U.S. House should focus on market-based rates for student loans

June 5, 2013

Despite a threatened veto from President Obama, the U.S. House on Thursday, May 23, passed a Republican-sponsored bill that would permanently peg federal student loan interest rates to those of the government. The bill, Smarter Solutions for Students Act, H.R., 1911, passed the House with a vote of 221 to 198 vote. In a mostly partisan vote, four Democrats supported the bill, while eight Republicans voted against it.

It will be noted later on why the eight Republicans who voted “no” were the wise ones, even if their votes at the time did not reflect the reason why a “no” vote was called for.

H.R. 1911 was passed as the Republican answer to stopping federally backed student loan interest rates from doubling from 3.4 percent to 6.8 percent on new subsidized Stafford loan originations after July 1. The bill addressed the impending July 1st rate increase on subsidized Stafford loans by moving all federal student loans, except Perkins loans (need-based student loans offered to assist in funding post-secondary education) to a variable rate.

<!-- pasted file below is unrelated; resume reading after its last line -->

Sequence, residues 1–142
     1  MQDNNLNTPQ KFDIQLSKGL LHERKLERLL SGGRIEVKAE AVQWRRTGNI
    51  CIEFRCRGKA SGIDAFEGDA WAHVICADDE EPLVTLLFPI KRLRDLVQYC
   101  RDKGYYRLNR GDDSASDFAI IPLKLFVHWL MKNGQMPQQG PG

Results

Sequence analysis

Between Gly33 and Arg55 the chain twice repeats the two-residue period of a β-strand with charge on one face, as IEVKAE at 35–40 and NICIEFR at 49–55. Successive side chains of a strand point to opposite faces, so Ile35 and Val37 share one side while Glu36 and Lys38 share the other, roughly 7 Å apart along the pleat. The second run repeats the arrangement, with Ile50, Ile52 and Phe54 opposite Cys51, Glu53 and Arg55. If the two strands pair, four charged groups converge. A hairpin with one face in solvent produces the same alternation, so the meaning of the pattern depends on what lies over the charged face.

Under H.R.1911, subsidized and unsubsidized Stafford loans would be calculated using the 10-year Treasury Note plus 2.5 percent. Graduate and parent PLUS loans would be an additional 2 percentage points higher than Stafford. An interest rate cap is set at 8.5 percent for Stafford and 10.5 percent for PLUS and graduate loans.  By comparison, undergraduate Stafford loans presently have a fixed interest rate as low as 3.4% and can be used to pay tuition and other school expenses.

Here in Illinois Representative Darlene Senger (R-Naperville) reacted to the May 23, U.S. House bill, citing the high cost of education and the need to keep interest rates low so more Americans can afford to get an education. Senger likewise followed through with action in the Illinois House by introducing a resolution calling on the U.S. Congress to take actions necessary to stop the rate increase. If approved copies of the resolution will be distributed to the Illinois congressional delegation by the Illinois House.